Setting up a power of attorney (”POA”) is very useful if you anticipate being incapacitated or unable to manage decisions in the future. It’s also a good idea to set up a power of attorney even if you don’t expect anything preventing your decision making abilities in the future. Life is uncertain and you never know what might happen, so, being prepared is key. There are many different kinds of POA. What is a durable power of attorney and how can you set one up?

What is Durable Power of Attorney?

Durable POA is also known as the financial power of attorney or Power of Attorney for Property in Illinois. When setting up a durable POA, you are appointing a trusted person to act in your place to legally make decisions about your financial matters. This can be set for an indefinite amount of time or for a specific period of time. A specific time can be set for periods where you anticipate or know you will be unable to make financial decisions. This can include reasons such as… 

  • Being deployed in the military
  • Having a major surgery with a lengthy recovery

The most common reason individuals set up a durable power of attorney is in the case of incapacity. Many individuals who are older or are in poor health feel it necessary to set up a financial POA in the case that things go downhill. To learn about the durable power of attorney is Illinois, read up on the statute here. Illinois Law has a specific procedure for setting up a durable POA. 

How To Set Up a Durable POA

To set up a durable POA, certain requirements must be met. Having an experienced attorney can help you meet these requirements when filling out the proper paperwork. It is easy for things to slip through the cracks when you’re filling out legal paperwork on your own. Having an attorney who deals with legal paperwork for a living can make sure your request for a power of attorney is successful. What are some of the requirements that your POA must meet?

After learning what is a durable power of attorney, a couple meets with their lawyer to set one up.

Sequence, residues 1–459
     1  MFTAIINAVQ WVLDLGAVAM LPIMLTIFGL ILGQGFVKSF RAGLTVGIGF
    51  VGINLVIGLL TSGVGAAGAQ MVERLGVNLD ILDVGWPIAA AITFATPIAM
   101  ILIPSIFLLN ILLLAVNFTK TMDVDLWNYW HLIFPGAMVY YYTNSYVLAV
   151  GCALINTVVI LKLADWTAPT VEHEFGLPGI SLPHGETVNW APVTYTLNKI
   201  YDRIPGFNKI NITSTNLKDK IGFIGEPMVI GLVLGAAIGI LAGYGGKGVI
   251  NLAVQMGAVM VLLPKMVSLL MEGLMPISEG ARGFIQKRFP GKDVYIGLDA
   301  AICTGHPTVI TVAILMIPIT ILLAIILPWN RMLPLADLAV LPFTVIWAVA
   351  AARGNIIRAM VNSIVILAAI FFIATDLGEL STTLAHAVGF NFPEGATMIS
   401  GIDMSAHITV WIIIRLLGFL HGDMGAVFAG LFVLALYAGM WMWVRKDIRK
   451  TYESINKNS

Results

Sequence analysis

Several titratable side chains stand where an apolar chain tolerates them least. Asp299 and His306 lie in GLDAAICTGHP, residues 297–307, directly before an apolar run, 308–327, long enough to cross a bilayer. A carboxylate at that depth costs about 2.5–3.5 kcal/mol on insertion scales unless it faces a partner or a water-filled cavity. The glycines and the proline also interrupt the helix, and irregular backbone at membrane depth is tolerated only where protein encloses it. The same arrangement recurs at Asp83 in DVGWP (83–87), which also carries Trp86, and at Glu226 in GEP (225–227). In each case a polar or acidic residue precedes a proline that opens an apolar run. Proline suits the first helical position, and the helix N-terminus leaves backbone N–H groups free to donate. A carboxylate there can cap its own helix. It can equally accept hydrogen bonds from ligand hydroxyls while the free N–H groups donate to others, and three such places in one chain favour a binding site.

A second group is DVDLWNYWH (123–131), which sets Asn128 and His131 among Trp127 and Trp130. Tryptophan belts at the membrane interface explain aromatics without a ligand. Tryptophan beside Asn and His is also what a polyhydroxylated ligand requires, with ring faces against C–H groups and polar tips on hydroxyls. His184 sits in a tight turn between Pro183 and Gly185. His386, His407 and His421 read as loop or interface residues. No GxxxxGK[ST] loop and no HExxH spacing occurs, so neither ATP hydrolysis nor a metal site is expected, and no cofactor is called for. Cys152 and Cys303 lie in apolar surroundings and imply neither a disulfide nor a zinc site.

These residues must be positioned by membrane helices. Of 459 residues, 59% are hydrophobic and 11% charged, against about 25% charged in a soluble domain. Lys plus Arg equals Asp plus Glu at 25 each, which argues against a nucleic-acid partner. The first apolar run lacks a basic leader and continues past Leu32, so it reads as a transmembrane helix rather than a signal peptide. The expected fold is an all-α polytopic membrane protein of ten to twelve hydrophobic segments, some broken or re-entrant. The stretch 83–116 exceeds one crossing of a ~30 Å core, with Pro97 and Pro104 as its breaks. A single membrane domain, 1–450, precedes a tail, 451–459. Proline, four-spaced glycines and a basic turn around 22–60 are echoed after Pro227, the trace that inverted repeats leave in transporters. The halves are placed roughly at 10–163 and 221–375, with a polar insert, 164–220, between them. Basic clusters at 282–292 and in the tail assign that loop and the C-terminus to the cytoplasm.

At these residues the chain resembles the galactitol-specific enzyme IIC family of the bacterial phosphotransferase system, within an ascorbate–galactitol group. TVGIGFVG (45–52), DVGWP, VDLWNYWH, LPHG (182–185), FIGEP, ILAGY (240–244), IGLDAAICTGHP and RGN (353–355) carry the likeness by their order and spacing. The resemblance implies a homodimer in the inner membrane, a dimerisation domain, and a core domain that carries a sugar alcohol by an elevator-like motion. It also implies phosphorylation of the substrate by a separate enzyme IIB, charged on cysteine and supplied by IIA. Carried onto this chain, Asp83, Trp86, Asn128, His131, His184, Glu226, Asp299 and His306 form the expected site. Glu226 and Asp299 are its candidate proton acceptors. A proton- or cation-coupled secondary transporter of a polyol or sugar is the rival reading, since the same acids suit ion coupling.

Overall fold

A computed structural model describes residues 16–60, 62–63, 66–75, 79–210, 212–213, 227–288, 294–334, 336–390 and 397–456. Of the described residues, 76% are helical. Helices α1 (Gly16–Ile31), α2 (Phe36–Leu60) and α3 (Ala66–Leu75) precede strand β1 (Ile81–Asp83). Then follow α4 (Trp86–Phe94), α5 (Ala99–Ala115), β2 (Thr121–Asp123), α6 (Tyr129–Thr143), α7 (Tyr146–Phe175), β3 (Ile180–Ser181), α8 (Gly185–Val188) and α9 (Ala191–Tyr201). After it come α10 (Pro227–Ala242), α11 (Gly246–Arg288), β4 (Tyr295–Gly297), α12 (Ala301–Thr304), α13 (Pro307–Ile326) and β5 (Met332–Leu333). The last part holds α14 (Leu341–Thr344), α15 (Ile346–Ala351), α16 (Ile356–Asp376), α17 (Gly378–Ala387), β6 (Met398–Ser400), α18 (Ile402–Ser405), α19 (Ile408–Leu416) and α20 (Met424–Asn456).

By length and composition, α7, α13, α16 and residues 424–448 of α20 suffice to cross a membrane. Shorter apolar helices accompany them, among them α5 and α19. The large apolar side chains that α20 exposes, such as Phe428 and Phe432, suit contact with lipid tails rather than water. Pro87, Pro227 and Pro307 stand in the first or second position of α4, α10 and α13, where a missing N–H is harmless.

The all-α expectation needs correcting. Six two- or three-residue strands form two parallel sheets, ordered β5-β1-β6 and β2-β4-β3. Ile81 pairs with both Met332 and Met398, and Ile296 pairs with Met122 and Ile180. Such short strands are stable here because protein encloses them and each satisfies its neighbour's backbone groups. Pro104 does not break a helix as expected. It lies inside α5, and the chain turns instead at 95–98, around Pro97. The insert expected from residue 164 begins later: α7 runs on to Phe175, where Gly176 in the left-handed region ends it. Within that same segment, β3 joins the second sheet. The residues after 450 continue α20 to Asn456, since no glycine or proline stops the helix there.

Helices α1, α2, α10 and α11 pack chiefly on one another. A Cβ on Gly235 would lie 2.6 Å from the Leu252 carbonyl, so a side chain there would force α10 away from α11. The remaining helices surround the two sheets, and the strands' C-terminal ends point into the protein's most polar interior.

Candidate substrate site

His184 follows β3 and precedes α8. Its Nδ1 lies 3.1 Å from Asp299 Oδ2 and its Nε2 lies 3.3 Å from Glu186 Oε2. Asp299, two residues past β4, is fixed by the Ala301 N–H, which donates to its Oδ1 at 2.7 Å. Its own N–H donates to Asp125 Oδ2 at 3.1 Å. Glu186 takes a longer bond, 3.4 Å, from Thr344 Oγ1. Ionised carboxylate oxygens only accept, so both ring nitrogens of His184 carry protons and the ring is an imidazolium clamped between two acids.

When setting up a POA, you are known as the principal and the person you appoint as your POA is referred to as the agent. The proper documentation will name who your agent will be and will detail the scope of what their powers will be. It is also required that you properly sign the documents wherever signatures are needed. As with many legal documents, it is required to have one or more witnesses and a notary public. 

If you need help finding the proper paperwork to fill out or have questions about how to fill out the POA forms, contact Schottler & Associates. They’re an Illinois Law Firm that specializes in Estate Planning and Probate. Make sure you are taken care of in the event of major surgery or an unexpected accident. You can set up a free 30-minute consultation with one of our attorneys here

Mark Schottler is a Chicagoland attorney with over 20 years of experience working both in probate and estate planning law and in real estate law. He puts his extensive knowledge on these subjects into easily consumable articles that will help and advise the public. Mark Schottler has a passion for probate and uses this to create relevant articles that are informative and entertaining. *While these posts may detail general legal issues, it is not legal advice. Use of this site does not create an attorney-client relationship.